1911 Encyclopædia Britannica/Flavigny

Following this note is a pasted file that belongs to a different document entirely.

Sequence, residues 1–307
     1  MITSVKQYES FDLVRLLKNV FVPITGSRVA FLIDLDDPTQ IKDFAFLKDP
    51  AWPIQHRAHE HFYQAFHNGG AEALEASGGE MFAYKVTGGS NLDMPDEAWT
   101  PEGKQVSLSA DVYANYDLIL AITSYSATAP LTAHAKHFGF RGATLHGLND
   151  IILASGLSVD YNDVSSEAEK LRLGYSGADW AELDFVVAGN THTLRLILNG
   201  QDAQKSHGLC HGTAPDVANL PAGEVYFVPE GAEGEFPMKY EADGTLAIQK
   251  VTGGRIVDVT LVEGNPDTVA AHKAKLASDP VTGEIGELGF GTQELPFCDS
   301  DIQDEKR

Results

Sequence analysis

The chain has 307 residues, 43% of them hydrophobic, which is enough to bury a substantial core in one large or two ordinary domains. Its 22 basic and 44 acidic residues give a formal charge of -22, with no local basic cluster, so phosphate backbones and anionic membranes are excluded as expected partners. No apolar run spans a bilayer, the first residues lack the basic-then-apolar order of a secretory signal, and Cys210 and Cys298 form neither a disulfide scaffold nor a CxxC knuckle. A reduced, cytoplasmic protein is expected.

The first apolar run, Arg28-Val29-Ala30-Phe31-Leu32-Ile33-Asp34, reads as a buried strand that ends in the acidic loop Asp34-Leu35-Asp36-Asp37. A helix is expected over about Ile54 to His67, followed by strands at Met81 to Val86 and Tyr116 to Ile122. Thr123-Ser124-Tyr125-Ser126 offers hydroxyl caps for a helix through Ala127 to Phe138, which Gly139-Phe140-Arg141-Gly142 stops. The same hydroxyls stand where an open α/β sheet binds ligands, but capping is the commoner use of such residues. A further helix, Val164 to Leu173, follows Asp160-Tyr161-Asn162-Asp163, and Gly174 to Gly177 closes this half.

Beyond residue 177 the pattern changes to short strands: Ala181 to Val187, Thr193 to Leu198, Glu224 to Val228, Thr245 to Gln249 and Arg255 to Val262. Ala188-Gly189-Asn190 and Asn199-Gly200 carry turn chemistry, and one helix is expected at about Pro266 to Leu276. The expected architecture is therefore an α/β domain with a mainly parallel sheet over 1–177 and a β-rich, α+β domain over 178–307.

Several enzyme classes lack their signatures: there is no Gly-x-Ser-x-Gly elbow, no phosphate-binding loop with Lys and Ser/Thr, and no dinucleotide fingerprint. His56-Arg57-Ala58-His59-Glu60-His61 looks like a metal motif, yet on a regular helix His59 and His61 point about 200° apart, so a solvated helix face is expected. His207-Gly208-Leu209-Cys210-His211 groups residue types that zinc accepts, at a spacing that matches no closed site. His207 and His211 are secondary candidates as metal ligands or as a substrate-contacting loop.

FLAVIGNY, a town of eastern France, in the department of Côte-d’Or, situated on a promontory overlooking the river Ozerain, 33 m. W.N.W. of Dijon by road. Pop. (1906) 725. Among its antiquities are the remains of an abbey of the 8th century, which has been rebuilt as a factory for the manufacture of anise, an industry connected with the town as early as the 17th century. There is also a church of the 13th and 15th centuries, containing carved stalls (15th century) and a fine rood-screen (early 16th century). A Dominican convent, some old houses and ancient gateways are also of interest. About 3 m. north-west of Flavigny rises Mont Auxois, the probable site of the ancient Alesia, where Caesar in A.D. 52 defeated the Gallic chieftain Vercingetorix, to whom a statue has been erected on the summit of the height. Numerous remains of the Gallo-Roman period have been discovered on the hill.